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Honda IndyCar teams seek aero kit's 'sweet spot' - Ryan Hunter-Reay

Ryan Hunter-Reay has conceded that Honda's IndyCar teams are still struggling to find the ideal operating window of its new aero kit, though he is confident it can catch Chevrolet

Honda currently leads Chevrolet in the manufacturers' standings due to a raft of penalties for unauthorised engine repairs issued to Chevy after the season-opener in St Petersburg.

However Chevrolet has dominated the results on-track over the opening four rounds: its drivers locked out the top six finishing positions in St Pete, and the top seven in Long Beach.

Schmidt Peterson driver James Hinchcliffe won for Honda in a rain-affected race at NOLA, but even there Chevrolet held the top six places on the starting grid.

Hunter-Reay believes that there is still potential to be unlocked in the Honda kit, but says that the teams have work ahead before they do so.

"It's a work in progress," said the Andretti Autosport driver.

"I'm not sure how much the Chevy will continue to develop.

"All the while we're trying to get that sweet spot with the Honda, the Chevy has also been being pushed forward, being developed by Penske, Ganassi...

"They certainly came out of the gate stronger than us, but we're making some inroads into what we know and what we think we want from the car, and in order to get the most out of it."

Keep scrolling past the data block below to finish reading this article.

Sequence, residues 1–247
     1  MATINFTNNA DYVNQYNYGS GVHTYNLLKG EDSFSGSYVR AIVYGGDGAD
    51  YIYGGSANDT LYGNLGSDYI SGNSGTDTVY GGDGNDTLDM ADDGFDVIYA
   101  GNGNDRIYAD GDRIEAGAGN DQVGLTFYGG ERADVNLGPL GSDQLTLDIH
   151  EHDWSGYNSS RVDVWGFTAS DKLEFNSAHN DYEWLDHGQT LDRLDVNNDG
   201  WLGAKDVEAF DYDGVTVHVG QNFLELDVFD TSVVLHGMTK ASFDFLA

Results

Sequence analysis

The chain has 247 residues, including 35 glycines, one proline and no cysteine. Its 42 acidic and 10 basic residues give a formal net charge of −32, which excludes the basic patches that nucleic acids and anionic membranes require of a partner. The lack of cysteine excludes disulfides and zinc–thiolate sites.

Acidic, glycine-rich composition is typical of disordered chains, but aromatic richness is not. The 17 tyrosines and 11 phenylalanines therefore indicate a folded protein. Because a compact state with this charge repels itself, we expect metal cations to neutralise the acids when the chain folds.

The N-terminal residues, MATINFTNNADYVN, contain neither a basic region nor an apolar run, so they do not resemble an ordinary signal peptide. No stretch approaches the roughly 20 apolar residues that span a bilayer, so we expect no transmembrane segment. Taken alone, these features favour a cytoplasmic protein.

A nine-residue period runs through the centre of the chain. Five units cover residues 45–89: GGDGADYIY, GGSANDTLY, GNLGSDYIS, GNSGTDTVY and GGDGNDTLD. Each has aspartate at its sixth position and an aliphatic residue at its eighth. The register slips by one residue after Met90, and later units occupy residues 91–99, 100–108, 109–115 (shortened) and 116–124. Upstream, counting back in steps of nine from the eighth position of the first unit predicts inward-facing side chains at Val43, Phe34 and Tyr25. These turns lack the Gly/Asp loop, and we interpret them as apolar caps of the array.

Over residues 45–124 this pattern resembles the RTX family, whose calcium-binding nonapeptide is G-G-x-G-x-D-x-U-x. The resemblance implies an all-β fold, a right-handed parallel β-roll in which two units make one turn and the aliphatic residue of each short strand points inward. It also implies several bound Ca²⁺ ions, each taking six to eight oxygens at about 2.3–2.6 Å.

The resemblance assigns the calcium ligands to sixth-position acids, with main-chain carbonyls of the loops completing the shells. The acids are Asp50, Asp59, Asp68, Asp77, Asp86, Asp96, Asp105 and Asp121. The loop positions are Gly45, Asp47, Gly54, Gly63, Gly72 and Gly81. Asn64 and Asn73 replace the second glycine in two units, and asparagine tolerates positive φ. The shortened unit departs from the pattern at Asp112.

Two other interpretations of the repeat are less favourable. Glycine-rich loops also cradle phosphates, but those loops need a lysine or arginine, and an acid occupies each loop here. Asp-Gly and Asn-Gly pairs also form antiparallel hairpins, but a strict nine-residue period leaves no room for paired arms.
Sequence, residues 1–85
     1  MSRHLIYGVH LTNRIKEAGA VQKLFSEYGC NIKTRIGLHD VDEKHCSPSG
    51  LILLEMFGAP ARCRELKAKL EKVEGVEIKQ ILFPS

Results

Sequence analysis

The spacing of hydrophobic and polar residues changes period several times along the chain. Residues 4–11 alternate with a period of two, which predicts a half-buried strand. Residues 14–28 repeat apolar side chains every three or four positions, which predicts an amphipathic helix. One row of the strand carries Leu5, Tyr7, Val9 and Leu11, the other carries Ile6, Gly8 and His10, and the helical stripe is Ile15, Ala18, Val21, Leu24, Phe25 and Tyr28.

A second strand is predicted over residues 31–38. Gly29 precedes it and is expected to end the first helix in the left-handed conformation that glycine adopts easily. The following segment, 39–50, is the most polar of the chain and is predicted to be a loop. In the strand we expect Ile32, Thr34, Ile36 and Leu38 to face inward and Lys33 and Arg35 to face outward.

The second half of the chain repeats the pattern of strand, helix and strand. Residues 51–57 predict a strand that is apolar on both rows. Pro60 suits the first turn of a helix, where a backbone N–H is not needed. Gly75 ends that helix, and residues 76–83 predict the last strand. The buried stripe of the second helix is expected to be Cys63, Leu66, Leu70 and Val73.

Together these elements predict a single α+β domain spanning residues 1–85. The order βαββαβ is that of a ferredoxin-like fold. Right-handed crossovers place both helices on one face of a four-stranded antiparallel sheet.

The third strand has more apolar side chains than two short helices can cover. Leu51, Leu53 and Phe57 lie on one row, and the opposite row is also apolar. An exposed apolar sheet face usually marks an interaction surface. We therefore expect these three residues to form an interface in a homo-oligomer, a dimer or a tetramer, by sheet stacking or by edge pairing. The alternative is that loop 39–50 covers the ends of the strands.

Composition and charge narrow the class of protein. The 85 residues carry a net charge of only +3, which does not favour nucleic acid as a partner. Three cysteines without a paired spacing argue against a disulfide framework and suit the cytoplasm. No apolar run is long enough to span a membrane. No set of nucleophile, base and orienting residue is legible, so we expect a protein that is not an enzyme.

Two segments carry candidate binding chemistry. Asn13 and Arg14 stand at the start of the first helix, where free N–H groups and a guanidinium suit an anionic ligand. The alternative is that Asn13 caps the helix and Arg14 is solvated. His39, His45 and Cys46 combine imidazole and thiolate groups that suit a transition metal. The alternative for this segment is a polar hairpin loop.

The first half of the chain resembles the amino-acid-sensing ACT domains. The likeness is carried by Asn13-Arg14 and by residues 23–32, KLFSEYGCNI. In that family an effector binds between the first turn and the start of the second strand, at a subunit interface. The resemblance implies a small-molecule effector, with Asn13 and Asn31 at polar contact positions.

He said Chevrolet runner Helio Castroneves' (pictured below) Long Beach pole lap for Penske showed the difference between the two kits at present.

"Really it's the handling characteristics of the car that we're trying to nail down," said Hunter-Reay.

"You can see the [Chevy] car is very well balanced, the front is working, it's cornering well and it's putting the power down well.

"We don't have all the boxes checked off yet."

Both manufacturers were required to make tweaks to their kits deep in the design process after IndyCar introduced late regulation changes on safety grounds, and Hunter-Reay believes that some of the performance gap can be traced to Chevrolet being quicker to integrate those changes.

"Honda tweaked their aero kit very late in the process in reaction to some of IndyCar's rule changes," he said.

"Chevrolet did it sooner, Honda did it later, and by the time we had the completed package, we actually really never developed it on track, where Chevy had been testing on track long before we had our completed and homologated package together."

Honda's other big hope for breaching the gap to Chevy lies in the speedway kits, which will make their debut at the Indianapolis 500.

Both manufacturers have admitted to optimising their overall aero kit designs around Indy, however they are still yet to run against each other on the track.

"With the oval car, the downforce is achieved differently, the drag members are different, so it's a completely different subject," said Hunter-Reay.

"We could have the dominant oval package; we just don't know yet."

INDYCAR MANUFACTURER SPLIT

Honda teams: Andretti, Rahal, Schmidt, Foyt, Herta, Dale Coyne

Chevrolet teams: Ganassi, Penske, KV, CFH

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